On a quiet street in Hamburg’s old red-light district sits a small club painted blood-red. It’s not so large, and if it wasn’t for the emblems of musical instruments welded into the iron gates, you wouldn’t think it a club at all. But if you look closely, you’ll see a small sign reading: “Indra — where the Beatles played first.”
Many people imagine that the Beatles hometown of Liverpool forged the Fab Four, and whilst clubs like the Cavern Club offered them a launchpad, it was nearly impossible for the group to get reliable gigs elsewhere in the city. No, it was the fair port city of Hamburg, Germany, which allowed Lennon, McCartney, Harrison, bassist Stuart Sutcliffe, and their then-drummer Pete Best to hone their songs, style, and stagecraft. Back then, they were known as The Silver Beatles, but the group’s residency in The Indra Club was about to change everything.
They didn’t think too much about it. It was an opportunity where there had previously been none. Liverpool was a dead end, so when the owner of The Indra offered the boys a regular spot at his club, they jumped at the chance. But when they arrived in Hamburg, the reality of their situation became very clear. Of their accommodation, McCartney said: “We lived backstage in the Bambi Kino, next to the toilets, and you could always smell them. The room had been an old storeroom, and there were just concrete walls and nothing else. No heat, no wallpaper, not a lick of paint, and two sets of bunk beds, with not very much covers—Union Jack flags—we were frozen.”
Thankfully, this, too, offered The Beatles an opportunity. Up until that point, they’d been having problems with their drummer. Pete Best would often miss gigs, and so eventually, the group decided to fire him, fed up with constantly needing a replacement at the last minute. Two days later, The Hurricanes arrived in Hamburg with their drummer Ringo Starr in tow. Starr wasn’t a stranger to The Beatles, they’d met before back in 1959, and, needing a replacement drummer sooner rather than later, the young Starr was quickly poached.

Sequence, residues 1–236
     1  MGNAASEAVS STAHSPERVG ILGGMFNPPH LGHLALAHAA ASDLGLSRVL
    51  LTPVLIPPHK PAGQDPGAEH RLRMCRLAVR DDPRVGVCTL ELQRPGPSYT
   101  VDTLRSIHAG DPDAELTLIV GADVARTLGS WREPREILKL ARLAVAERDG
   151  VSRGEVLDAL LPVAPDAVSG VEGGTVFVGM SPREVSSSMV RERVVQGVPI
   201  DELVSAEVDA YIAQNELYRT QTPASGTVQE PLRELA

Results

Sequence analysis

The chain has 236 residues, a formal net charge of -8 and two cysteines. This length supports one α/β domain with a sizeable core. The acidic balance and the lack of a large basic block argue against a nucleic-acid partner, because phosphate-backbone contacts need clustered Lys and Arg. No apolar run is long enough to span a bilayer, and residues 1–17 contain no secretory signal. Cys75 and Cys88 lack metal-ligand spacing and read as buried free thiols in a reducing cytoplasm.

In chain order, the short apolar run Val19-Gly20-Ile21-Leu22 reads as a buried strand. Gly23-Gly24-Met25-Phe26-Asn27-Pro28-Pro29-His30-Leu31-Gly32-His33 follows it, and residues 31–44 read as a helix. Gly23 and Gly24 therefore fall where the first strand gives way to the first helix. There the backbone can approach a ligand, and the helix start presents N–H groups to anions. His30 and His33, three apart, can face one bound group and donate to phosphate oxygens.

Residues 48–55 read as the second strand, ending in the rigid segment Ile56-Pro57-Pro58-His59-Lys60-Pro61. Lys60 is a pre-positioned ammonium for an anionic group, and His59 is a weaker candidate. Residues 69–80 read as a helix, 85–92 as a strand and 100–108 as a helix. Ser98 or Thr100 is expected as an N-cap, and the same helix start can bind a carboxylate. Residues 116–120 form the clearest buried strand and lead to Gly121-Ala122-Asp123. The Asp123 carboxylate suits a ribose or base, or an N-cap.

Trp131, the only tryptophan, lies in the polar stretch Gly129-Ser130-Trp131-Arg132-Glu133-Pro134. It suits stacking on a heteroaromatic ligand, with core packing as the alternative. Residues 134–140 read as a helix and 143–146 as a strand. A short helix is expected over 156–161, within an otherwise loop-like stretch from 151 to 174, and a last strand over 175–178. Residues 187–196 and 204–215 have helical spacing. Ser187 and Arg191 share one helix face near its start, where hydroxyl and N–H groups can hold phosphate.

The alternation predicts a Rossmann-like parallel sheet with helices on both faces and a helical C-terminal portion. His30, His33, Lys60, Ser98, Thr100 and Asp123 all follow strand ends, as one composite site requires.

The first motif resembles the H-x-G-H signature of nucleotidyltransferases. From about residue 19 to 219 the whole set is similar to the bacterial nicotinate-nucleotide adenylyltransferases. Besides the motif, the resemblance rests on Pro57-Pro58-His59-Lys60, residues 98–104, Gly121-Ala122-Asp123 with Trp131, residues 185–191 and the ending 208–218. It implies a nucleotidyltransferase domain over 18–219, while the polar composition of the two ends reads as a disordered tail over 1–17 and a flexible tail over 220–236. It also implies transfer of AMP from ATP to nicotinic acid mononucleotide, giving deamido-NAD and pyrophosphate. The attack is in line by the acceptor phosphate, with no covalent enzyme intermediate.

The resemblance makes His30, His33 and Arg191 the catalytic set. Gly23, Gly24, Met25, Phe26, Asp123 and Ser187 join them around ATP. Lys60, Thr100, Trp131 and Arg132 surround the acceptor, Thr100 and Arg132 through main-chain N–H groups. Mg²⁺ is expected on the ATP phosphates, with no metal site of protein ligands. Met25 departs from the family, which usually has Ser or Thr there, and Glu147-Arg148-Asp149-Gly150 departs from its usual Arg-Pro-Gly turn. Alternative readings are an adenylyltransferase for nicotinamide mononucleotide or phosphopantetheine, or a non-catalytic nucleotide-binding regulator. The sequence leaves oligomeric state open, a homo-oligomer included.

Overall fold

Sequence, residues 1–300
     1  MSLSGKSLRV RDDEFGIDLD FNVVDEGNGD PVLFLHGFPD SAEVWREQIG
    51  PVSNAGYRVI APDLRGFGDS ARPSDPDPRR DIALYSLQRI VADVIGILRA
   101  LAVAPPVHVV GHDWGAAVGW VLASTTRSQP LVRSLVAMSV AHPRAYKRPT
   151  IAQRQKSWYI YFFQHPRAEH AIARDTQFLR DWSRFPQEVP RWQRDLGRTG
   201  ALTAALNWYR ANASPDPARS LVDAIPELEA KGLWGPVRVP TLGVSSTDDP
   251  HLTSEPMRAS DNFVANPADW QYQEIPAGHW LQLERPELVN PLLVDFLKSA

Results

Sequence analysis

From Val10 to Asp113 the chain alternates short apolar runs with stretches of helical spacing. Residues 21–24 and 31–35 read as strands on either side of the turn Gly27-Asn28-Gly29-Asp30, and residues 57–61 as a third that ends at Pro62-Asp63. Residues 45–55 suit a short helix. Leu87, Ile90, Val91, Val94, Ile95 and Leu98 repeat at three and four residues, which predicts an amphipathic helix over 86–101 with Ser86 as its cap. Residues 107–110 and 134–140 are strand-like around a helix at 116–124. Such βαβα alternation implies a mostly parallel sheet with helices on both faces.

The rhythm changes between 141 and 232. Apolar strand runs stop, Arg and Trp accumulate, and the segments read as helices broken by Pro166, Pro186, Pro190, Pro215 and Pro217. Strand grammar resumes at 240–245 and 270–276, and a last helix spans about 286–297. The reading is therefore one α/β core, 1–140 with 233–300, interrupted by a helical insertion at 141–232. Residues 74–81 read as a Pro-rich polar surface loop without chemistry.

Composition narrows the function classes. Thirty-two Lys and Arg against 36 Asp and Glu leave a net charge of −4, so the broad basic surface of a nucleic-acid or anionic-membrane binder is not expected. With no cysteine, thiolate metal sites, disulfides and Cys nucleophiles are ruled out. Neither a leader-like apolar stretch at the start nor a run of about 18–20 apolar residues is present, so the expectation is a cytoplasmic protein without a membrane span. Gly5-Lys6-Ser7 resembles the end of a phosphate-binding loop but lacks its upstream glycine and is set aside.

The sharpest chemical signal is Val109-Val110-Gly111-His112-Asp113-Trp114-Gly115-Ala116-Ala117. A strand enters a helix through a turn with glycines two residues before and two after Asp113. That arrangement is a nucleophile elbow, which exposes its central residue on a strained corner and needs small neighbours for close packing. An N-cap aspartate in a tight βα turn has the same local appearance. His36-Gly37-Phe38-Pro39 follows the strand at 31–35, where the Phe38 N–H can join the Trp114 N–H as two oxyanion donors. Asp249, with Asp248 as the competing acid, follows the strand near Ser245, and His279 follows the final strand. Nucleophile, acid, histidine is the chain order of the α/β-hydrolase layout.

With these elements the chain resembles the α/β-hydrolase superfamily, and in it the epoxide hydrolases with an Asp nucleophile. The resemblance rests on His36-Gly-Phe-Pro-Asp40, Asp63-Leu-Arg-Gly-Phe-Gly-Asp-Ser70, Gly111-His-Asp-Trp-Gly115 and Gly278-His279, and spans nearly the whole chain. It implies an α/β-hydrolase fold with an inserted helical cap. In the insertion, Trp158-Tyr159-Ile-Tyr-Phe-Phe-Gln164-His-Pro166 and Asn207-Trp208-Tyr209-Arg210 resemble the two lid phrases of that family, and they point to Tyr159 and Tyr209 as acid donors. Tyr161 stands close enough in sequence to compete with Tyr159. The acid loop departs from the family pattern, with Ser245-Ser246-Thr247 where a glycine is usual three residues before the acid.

But The Indra Club shaped more than The Beatles’ music; It also shaped their style. Stuart Sutcliffe, who played bass with the group in Hamburg until his untimely death, began dating a photography student there called Astrid Kirchherr. It was Kirchherr who gave Sutcliffe the mop haircut, which The Beatles would then all adopt.
“All my friends in art school used to run around with this sort of … what you call Beatles haircut,” Kirchherr said. “And Stuart liked it very, very much. He was the first one who really got the nerve to get the Brylcreem out of his hair and asking me to cut his hair for him.”
The Beatles run at The Indra Club became a wild success. So successful, in fact, that they were consequently hired by various other clubs throughout Hamburg, including The Star Club.
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